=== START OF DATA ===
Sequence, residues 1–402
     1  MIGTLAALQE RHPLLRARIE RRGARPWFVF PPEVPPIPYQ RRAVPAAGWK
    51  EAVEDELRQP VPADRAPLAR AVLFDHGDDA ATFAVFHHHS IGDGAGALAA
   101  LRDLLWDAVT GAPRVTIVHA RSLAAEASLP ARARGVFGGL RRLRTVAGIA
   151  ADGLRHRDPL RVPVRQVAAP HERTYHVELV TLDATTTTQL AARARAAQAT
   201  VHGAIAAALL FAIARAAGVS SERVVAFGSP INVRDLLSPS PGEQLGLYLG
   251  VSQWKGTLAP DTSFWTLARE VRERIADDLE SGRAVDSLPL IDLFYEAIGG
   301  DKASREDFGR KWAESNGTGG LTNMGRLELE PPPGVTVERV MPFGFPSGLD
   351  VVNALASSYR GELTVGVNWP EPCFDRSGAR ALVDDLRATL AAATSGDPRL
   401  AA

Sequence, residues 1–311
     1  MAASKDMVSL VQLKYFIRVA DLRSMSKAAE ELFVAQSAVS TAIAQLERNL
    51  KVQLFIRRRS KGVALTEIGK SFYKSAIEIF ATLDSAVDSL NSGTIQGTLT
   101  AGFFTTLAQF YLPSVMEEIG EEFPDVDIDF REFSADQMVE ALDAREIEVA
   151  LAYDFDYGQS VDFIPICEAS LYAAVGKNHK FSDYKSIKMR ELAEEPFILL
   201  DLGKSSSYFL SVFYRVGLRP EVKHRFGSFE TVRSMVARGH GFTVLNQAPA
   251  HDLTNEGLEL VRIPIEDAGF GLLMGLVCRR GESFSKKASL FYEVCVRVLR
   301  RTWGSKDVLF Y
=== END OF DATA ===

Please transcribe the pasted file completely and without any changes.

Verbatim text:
Sequence, residues 1–402
     1  MIGTLAALQE RHPLLRARIE RRGARPWFVF PPEVPPIPYQ RRAVPAAGWK
    51  EAVEDELRQP VPADRAPLAR AVLFDHGDDA ATFAVFHHHS IGDGAGALAA
   101  LRDLLWDAVT GAPRVTIVHA RSLAAEASLP ARARGVFGGL RRLRTVAGIA
   151  ADGLRHRDPL RVPVRQVAAP HERTYHVELV TLDATTTTQL AARARAAQAT
   201  VHGAIAAALL FAIARAAGVS SERVVAFGSP INVRDLLSPS PGEQLGLYLG
   251  VSQWKGTLAP DTSFWTLARE VRERIADDLE SGRAVDSLPL IDLFYEAIGG
   301  DKASREDFGR KWAESNGTGG LTNMGRLELE PPPGVTVERV MPFGFPSGLD
   351  VVNALASSYR GELTVGVNWP EPCFDRSGAR ALVDDLRATL AAATSGDPRL
   401  AA

Sequence, residues 1–311
     1  MAASKDMVSL VQLKYFIRVA DLRSMSKAAE ELFVAQSAVS TAIAQLERNL
    51  KVQLFIRRRS KGVALTEIGK SFYKSAIEIF ATLDSAVDSL NSGTIQGTLT
   101  AGFFTTLAQF YLPSVMEEIG EEFPDVDIDF REFSADQMVE ALDAREIEVA
   151  LAYDFDYGQS VDFIPICEAS LYAAVGKNHK FSDYKSIKMR ELAEEPFILL
   201  DLGKSSSYFL SVFYRVGLRP EVKHRFGSFE TVRSMVARGH GFTVLNQAPA
   251  HDLTNEGLEL VRIPIEDAGF GLLMGLVCRR GESFSKKASL FYEVCVRVLR
   301  RTWGSKDVLF Y